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Thursday, May 28, 2015

Silent Rage (1982) review


Chuck Norris (Dan Stevens), Ron Silver (Dr. Tom Halman), Steven Keats (Dr. Philip Spires), Toni Kalem (Alison Halman), William Finley (Dr. Paul Vaughn), Brian Libby (John Kirby), Stephen Furst (Charlie)

Directed by Michael Miller

The Short Version: Karate master and all around Tough Guy Chuck Norris battles an invincible slasher in this martial arts-horror mash-up, one of the 80s most bizarre combos. Mad scientist machinations are mixed with Voorheesian style 'stalk and kill' shenanigans, and topped off with American style 'fist n' kick' action. Amazingly, the script manages to find room for romance between Chuck and actress Toni Kalem. Truly a one of a kind motion picture experience and the only Frankenstein Monster vs Karate movie ever made.

The mentally disturbed John Kirby finally goes off the deep end killing two people with an axe before being subdued by Texas sheriff, Dan Stevens. Managing to break free of his handcuffs, the psycho is gunned down after another scuffle with officers. Near death, three scientists decide to test a new healing serum on Kirby, but they get more than they bargained for when their creation comes off the operating table. Now an indestructible killer, Kirby goes about murdering anyone he comes across to get a rematch with sheriff Stevens.

In the annals of American action hero cinema few were as quirky as this 1982 number from the guy who directed the MACON COUNTY LINE style thriller JACKSON COUNTY JAIL (1976), and the horror spoof NATIONAL LAMPOONS CLASS REUNION (1982). Chuck Norris did another similar movie in 1988 entitled THE HERO AND THE TERROR. In that one, Norris tangled with a giant serial killer played by Jack O'Halloran (Non in SUPERMAN 2). An even kookier Karate Kop movie that also starred Chuck Norris came in 1994's HELLBOUND wherein Norris battled it out with demons from Hell led by Christopher Neame (Johnny Alucard in DRACULA AD 1972). For this 1982 excursion, Norris battles what amounts to the Frankenstein Monster with the personality of Michael Myers.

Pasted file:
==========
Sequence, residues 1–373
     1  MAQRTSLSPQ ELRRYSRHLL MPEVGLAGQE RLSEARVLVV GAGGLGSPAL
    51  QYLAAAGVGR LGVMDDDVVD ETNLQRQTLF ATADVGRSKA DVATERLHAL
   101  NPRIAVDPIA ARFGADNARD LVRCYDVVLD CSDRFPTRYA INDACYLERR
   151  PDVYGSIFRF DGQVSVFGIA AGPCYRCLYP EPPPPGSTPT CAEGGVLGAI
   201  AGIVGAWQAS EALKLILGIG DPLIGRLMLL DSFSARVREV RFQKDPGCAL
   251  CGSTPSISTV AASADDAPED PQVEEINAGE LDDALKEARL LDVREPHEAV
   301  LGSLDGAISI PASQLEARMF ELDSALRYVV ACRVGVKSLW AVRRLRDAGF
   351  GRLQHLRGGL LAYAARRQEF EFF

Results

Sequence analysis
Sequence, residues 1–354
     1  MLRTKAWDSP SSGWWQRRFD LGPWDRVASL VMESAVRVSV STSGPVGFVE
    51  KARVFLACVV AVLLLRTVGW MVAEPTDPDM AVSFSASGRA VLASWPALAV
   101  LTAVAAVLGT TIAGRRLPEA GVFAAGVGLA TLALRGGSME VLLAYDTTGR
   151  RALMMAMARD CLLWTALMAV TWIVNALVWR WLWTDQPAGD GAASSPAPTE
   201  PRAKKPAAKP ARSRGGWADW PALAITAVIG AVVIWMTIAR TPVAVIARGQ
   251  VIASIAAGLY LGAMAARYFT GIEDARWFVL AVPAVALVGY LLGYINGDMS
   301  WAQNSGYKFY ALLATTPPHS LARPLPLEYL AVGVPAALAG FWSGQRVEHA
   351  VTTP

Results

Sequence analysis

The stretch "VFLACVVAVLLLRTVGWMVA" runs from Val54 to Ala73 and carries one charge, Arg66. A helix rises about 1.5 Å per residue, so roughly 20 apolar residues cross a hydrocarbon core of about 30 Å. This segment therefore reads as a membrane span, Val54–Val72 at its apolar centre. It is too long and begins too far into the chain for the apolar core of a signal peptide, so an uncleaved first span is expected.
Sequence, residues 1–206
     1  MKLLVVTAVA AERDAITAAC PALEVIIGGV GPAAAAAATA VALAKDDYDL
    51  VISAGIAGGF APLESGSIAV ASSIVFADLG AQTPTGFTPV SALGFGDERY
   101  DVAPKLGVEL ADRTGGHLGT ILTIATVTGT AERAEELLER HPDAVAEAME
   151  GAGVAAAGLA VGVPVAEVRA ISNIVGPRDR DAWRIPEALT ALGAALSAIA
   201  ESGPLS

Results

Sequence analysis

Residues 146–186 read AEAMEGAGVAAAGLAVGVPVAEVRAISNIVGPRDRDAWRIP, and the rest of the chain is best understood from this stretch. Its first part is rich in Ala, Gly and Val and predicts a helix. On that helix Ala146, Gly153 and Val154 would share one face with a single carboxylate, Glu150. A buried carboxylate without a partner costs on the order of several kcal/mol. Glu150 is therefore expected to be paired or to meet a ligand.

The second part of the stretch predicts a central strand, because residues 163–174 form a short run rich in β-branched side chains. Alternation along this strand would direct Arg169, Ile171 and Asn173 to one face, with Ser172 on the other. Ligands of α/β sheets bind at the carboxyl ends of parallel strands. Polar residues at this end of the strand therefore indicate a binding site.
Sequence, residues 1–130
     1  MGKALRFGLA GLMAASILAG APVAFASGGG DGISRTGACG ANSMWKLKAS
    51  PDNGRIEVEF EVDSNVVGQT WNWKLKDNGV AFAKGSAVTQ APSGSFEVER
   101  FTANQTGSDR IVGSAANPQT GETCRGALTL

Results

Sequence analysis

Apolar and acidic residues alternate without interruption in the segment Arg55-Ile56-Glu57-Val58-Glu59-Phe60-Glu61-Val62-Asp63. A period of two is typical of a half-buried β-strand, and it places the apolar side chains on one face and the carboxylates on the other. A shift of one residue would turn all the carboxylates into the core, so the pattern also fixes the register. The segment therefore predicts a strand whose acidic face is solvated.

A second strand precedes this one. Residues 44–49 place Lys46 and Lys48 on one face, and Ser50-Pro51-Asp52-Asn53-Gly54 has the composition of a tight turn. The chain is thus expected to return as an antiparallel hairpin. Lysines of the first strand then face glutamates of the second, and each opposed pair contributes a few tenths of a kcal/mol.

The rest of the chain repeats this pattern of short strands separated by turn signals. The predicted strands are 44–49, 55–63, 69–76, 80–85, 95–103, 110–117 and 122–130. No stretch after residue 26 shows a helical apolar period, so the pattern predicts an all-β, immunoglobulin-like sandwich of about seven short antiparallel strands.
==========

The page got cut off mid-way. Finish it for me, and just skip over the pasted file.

Horror movies were all the rage in the early 80s, particularly the slashers popularized by HALLOWEEN (1978) and the ensuing snowball effect caused by FRIDAY THE 13TH (1980). Both those franchises had very profitable sequels in 1981, a banner year for slashers. 

On the opposite end of the spectrum, Chuck Norris, arguably the quintessential American action star, was making major bank with his Tough Guy persona molded on western movie machismo. The big screen three-punch combo of GOOD GUYS WEAR BLACK (1978), A FORCE OF ONE (1979), and THE OCTAGON (1980) grossed approximately $20 million a piece, successfully putting Norris on the action movie map. An eventual Macho-Monster mash was a stroke of mad genius.